Mechanical Properties of Bolt

Figure 15 shows the distributions of bolt force and M — 9r curves, in cases changing grade of bolts as A325 and A490, in which those are for models of A2 and FE8, respectively. From this figure, it is observed that the bolt force is increased near ultimate state by taking higher grade bolts, connection moment capacity can be upgraded a little in the elasto-plastic region; and connection rotation also can be increased.

Conclusions

In this study, in order to investigate the interaction between column flange and top angle’s vertical leg and these effects including bolt action on M — 9r characteristics of top – and seat-angle connections, elasto-plastic finite element (FE) analysis was performed. Here, numerical analysis results together with the prediction by Kishi-Chen power model are compared with experimental ones to examine an applicability of the proposed analysis method and power model. In addition, to investigate the influence of connection parameters on prying force and moment-rotation behavior of top – and seat – angle connection, a parametric study was conducted by varying dimensions of connection models and magnitude of pretension force surcharged to the bolts. The following conclusions are obtained from this study:

(1) Proposed numerical analysis method can be applicable to estimate elasto-plastic nonlinear behavior of angle type connection;

(2) Power model is able to predict M — 9r curves of the connection satisfactorily and can be applicable for nonlinear analysis of steel frames with semi-rigid connections;

(3) Pretension force of bolts has no effect on prying action at the initial and ultimate level of loading, but gives some effects a little at the intermediate loading level;

(4) A prying action can be increased with decreasing of thickness of flange angle or increasing gage distance from the angle heel to the centerline of bolt hole;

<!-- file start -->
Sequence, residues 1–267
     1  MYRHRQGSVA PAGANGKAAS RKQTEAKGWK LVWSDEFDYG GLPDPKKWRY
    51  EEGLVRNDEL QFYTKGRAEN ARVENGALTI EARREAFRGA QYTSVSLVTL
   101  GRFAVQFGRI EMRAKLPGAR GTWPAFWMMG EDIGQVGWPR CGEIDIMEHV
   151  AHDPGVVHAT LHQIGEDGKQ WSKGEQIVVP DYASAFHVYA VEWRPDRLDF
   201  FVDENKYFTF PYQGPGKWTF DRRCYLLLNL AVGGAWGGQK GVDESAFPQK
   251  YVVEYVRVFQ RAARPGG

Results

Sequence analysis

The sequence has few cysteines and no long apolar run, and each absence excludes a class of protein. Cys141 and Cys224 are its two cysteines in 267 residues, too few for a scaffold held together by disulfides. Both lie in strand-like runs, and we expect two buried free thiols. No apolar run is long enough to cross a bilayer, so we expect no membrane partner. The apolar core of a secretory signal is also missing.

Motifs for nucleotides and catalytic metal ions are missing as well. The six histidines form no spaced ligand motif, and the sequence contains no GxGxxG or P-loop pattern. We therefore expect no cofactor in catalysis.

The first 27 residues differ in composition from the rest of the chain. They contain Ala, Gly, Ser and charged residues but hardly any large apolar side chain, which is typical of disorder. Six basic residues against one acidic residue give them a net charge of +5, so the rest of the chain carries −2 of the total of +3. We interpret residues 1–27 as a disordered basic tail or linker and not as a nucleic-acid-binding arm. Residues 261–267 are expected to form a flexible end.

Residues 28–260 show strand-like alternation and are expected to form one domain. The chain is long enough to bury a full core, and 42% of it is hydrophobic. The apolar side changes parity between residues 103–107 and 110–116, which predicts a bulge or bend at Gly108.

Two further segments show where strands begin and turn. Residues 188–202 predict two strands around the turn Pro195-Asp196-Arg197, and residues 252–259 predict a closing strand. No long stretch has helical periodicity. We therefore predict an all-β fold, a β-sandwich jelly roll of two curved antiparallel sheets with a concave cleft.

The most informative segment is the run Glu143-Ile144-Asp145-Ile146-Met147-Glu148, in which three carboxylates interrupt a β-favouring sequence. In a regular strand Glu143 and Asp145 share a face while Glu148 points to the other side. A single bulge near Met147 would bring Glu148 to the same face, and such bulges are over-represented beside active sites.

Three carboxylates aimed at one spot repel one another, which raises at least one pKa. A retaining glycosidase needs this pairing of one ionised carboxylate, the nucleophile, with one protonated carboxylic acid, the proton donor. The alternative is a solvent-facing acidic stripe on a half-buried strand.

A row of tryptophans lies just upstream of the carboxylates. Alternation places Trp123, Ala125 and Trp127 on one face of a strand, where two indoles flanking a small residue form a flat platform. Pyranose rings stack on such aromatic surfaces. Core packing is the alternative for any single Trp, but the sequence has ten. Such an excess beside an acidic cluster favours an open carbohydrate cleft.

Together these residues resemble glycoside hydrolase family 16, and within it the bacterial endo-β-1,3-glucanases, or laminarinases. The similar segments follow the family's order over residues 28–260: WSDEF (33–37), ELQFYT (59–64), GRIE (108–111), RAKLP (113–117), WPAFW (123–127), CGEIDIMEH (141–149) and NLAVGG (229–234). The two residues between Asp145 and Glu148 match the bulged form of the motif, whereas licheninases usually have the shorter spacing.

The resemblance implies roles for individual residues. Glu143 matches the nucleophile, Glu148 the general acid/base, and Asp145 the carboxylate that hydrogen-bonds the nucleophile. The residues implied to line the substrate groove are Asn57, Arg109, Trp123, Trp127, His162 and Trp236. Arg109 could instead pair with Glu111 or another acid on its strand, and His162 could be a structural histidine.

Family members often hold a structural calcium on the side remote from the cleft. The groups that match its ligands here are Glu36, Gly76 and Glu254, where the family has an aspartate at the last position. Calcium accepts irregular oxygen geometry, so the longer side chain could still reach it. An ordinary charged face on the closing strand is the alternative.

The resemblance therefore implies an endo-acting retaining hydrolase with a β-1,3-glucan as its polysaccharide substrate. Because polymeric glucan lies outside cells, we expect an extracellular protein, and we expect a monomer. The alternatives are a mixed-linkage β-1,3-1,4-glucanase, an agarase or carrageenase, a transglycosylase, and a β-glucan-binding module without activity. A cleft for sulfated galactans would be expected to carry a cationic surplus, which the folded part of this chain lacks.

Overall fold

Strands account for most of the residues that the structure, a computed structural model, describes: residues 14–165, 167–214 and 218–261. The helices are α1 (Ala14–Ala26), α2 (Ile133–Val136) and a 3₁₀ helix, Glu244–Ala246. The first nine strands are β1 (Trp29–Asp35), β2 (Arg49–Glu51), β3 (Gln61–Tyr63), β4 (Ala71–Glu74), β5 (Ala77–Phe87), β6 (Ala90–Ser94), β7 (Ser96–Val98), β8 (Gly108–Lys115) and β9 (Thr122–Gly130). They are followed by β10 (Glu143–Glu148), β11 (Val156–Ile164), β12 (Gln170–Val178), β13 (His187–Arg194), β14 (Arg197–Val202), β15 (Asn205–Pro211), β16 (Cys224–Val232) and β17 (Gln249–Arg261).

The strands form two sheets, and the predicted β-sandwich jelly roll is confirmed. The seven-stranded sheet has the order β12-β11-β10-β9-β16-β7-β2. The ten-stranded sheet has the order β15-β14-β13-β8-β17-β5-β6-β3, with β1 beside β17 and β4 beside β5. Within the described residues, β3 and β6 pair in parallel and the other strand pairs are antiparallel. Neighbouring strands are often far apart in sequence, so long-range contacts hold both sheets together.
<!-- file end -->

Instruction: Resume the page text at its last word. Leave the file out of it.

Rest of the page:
(5) Depth of beam section has no effect on prying action;

(6) Use of stiffer bolts or weaker angles in connection may increase the prying action; and

(7) Initial connection stiffness and ultimate moment capacity of the connections can be increased due to increasing of angle thickness, beam depth and bolt diameter, and decreasing of gage distance.

References

ABAQUS, 1998, Standard User’s Manual, Version 5.8, Hibbitt Karlsson & Sorensen, Inc.

American Institute of Steel Construction (AISC), 1994, Manual of Steel Construction, Load and Resistance Factored Design (LRFD), Vols I & II(2).

Azizinamini, A., Bradburn, J. H. and Radziminski, J. B., 1985, Static and Cyclic Behavior of Semi-Rigid Steel Beam-Column Connections, Structural Research Studies, Department of Civil Engineering, University of South Carolina, Columbia, SC.

Chasten, C. P., Fleischman, R. B., Driscoll, G. C. and Lu, L. W., 1989, Top-and-seat-angle connection and end-plate connec­tions: Behavior and strength under monotonic and cyclic loading, Proceedings of National Engineering Conference, American Institute of Steel Construction, Chicago, Vol. 3, pp. 6-1-6-32.

Fleischman, R. B., 1988, Experimental and theoretical analysis of component behavior in top-and-seat-angle connections, ATLSS Project A3.1, Master’s Thesis, Lehigh University, Pittsburgh, PA.

Harper, W. L., 1990, Dynamic Response of Steel Frames with Semi-Rigid Connections, Structural Research Studies, Department of Civil Engineering, University of South Carolina, Columbia, SC.

Kishi, N. and Chen, W. F., 1990, Moment-rotation relations of semi-rigid connections with angles, Journal of Structural Engineering, ASCE, 116(7), 1813-1834.